I have often reported here on jazz societies that preserve the history of jazz in their city while nurturing the music in its current state. But for me there’s always been a gaping hole: no such celebratory organization in Boston, where I was deeply involved in the jazz scene throughout the 1940s and early ’50s, until I moved to New York in 1953.
With a weekly radio show on WMEX and remote broadcasts from jazz clubs, I got to know many now-iconic visitors such as Duke Ellington and Sidney Bechet. They taught me so much, not only about jazz but also about how to keep on digging into my inner needs and self-surprises through this music.
At last I have discovered the five-year-old JazzBoston, an organization “dedicated to building and serving audiences for jazz music, fostering and expanding opportunities for jazz musicians,” and, to my delight, “raising Boston’s profile as one of the world’s greatest jazz cities.” The spirit of Samuel Adams’ Sons of Liberty and their Tea Party lives on!
In so short a time, this organization, headed by Pauline Bilsky, has become a model for organizers in other cities and regions by creatively awakening Bostonians to their city’s vital roots in the continuing history of jazz. For one example-there’ll be more in my next column-this year, from April 29 through May 8, the fifth-annual “Jazz Week” was officially proclaimed by the mayors of Boston, Cambridge and Somerville (Greater Boston) and celebrated “with events in venues ranging from clubs, galleries and churches to libraries, universities, shopping malls and hotels.” During my years at the public Boston Latin School, founded in 1635, not a note of jazz was ever heard.
On JazzTimes.com (May 4), Lee Mergner was ahead of me in citing JazzBoston’s award for jazz radio host Eric Jackson. To recognize his 30 years on the air, Jackson received the Roy Haynes Award “for exceptional contributions to jazz and the jazz community.” (The award was established last year and the first to receive it was, as you’d expect, Haynes himself.) This reminded me of a Sunday jam session in my youth at the Savoy, a jazz club at the edge of the black section of town. I practically lived there when I wasn’t working.
On that day, clarinetist Edmond Hall was on the stand with his band, and a kid-he seemed to be about 15-asked to sit in on drums. Edmond welcomed him and Haynes, then a student at Roxbury Memorial High School near where I lived, seized the audience. Joyously swinging the band with fire and grace-they can be combined-he was the star of the session.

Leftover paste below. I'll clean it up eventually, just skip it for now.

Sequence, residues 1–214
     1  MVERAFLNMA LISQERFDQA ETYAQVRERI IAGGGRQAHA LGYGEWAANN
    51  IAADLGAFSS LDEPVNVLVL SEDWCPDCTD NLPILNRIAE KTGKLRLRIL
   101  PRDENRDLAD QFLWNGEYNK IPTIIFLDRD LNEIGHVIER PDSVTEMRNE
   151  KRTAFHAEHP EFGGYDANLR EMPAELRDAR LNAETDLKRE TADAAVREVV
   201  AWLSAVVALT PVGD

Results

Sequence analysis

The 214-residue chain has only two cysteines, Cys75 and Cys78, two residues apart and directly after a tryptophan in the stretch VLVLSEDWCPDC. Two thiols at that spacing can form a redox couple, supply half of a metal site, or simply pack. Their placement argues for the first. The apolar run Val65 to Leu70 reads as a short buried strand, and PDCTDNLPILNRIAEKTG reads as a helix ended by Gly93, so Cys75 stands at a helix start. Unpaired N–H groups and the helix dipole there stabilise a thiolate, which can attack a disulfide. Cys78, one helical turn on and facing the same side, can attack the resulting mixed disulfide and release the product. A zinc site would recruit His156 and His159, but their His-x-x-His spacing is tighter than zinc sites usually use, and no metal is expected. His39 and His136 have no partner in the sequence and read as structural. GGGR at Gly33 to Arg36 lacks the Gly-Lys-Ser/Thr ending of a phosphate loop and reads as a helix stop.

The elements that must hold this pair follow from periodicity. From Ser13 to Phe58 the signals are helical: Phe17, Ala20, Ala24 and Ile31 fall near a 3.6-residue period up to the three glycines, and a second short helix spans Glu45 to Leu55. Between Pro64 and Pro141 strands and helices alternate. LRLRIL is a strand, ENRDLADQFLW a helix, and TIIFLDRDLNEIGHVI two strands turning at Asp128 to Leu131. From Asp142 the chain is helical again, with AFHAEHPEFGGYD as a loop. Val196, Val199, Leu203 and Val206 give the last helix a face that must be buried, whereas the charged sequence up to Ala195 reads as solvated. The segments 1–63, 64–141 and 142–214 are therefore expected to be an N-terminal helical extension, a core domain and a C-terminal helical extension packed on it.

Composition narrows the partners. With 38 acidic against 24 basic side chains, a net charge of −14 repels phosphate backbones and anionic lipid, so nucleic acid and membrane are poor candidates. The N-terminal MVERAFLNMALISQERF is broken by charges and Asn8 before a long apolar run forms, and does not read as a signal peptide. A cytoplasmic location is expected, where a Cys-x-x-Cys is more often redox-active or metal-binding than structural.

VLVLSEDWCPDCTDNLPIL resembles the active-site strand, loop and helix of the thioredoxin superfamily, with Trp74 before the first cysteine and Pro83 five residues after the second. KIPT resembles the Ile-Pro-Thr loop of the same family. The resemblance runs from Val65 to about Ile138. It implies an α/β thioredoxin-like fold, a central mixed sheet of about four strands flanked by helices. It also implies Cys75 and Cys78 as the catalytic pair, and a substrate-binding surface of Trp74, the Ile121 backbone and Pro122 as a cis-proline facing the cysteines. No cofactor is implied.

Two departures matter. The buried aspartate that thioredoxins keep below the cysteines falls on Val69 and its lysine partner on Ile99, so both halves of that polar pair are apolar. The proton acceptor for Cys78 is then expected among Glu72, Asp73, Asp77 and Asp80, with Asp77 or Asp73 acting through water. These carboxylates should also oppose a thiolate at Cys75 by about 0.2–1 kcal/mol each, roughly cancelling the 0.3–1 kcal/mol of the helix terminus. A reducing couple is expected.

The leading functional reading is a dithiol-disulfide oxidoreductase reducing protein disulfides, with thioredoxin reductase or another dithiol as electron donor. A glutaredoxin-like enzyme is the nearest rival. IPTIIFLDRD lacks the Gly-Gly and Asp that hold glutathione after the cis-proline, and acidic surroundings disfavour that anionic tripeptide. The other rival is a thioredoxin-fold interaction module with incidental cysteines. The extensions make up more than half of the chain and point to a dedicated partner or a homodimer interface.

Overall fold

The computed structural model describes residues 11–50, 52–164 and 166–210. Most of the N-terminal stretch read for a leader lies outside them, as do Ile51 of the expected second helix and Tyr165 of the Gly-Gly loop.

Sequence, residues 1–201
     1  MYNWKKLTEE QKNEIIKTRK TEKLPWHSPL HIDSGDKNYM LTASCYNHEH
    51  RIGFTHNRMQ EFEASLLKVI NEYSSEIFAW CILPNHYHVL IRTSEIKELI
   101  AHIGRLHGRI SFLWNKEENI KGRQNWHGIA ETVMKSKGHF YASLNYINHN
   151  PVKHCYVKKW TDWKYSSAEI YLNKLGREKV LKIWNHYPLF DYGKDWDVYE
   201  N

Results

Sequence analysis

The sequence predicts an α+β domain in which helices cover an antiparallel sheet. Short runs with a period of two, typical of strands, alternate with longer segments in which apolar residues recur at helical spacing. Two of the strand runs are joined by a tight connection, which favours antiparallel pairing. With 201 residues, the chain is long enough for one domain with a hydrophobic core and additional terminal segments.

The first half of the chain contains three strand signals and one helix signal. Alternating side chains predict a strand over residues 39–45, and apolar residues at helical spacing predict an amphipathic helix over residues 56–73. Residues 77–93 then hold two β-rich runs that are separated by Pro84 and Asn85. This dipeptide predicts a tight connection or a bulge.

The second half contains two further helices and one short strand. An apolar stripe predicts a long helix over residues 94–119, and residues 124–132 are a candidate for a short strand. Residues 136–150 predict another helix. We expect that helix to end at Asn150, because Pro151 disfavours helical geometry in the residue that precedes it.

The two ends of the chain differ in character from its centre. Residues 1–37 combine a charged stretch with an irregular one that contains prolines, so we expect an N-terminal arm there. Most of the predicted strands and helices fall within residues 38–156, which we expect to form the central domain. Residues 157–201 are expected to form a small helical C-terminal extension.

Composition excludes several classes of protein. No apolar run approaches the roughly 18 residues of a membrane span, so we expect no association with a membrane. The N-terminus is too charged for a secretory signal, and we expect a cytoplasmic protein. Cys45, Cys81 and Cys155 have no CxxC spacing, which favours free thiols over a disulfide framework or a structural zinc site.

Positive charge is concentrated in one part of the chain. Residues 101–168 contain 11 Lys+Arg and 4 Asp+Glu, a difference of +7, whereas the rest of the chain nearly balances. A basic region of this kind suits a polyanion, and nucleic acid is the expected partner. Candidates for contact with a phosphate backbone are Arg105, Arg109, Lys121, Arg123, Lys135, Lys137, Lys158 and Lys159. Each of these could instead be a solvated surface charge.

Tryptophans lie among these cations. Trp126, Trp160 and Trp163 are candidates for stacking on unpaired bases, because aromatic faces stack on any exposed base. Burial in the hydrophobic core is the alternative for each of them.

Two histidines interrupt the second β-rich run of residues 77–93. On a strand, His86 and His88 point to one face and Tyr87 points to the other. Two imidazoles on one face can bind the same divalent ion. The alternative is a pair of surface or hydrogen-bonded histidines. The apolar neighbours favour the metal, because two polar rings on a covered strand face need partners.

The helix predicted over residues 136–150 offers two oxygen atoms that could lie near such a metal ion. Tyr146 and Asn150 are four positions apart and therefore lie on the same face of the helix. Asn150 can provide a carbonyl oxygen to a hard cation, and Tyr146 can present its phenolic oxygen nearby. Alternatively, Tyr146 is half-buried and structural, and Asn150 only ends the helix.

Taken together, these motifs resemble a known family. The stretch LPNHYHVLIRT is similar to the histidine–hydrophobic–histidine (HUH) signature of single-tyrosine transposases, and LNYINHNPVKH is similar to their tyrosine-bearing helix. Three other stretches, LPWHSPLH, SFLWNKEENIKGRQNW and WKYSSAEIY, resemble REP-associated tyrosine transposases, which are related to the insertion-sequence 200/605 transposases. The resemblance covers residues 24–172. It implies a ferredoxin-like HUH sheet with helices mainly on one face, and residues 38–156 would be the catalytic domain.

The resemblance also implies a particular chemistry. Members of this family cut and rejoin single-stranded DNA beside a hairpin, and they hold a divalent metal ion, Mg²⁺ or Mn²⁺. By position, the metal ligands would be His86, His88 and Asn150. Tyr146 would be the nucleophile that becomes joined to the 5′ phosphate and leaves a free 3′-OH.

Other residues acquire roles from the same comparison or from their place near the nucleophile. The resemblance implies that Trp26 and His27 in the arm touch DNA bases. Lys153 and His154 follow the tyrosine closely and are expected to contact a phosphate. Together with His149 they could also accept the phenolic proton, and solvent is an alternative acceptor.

More than 50 years later, at a National Endowment for the Arts Jazz Masters lunch in New York, I was sitting next to Roy and reminded him of his bombshell Sunday at the Savoy. He smiled and said, “You know, when I was a kid, I used to listen to your Jazz Album show on WMEX.” Two Boston boys linked for life by jazz.
Thrilled at finding JazzBoston, I also discovered its co-founder Bob Young, a freelance writer for Jazziz and the Boston Herald on jazz and much of the rest of the music scene. Over the years, he tells me, “It became increasingly clear that the various jazz camps in town-mainstream, avant-garde, smooth, swing, Latin, etc.-simply did their own thing and rarely talked with each other.”
But what all of them shared, he continues, “was a common frustration that it was becoming harder and harder to get people to pay attention to the jazz they were performing or presenting.”
What Young then did is another model for other jazz missionaries around the country. Formulating an outline for a nonprofit that would “pull together a united front dedicated to supporting, promoting and growing the entire scene here long-term,” he and other unifiers recruited “musicians, presenters, publicists, club owners, representatives from the colleges, and anyone else who had a stake in the success of jazz in Boston.”
Then, with the quality of flowing precision that characterized John Lewis’ Modern Jazz Quartet, “we developed a strategy, organization structure and business plan and assembled a founding Board and Advisory Council that represented every part of the city’s jazz community.”
Recruited was a pro-bono attorney who got JazzBoston incorporated and also gained it tax-exempt status. A membership program has become JazzBoston’s principal source of funding, and a monthly e-newsletter covers “all things jazz in and around the city.”
As a constant enthusiast of the Boston Public Library system almost as soon as I could read, I’m impressed that JazzBoston partners with this library’s branch system in Riffs & Raps-Find Your Jazz!, a community-based after-school program for teenagers. And all this is only the beginning for JazzBoston.
Back at the Savoy in the 1940s, Jo Jones told this writer how he taught jazz musicians by telling them, “You can do what very few people can do. You can reach people, but to move them you have to be all open. You have to let everything in you out. And you have to be in condition to play what you hear inside you.” But first you have to actually be able to reach the listeners, period, and JazzBoston is showing us all how to make that happen.
I’d like to hear of other movements around the country trying to expose new listeners to this life-quickening music. JT
Nat Hentoff can be contacted at 212-366-9181 Originally Published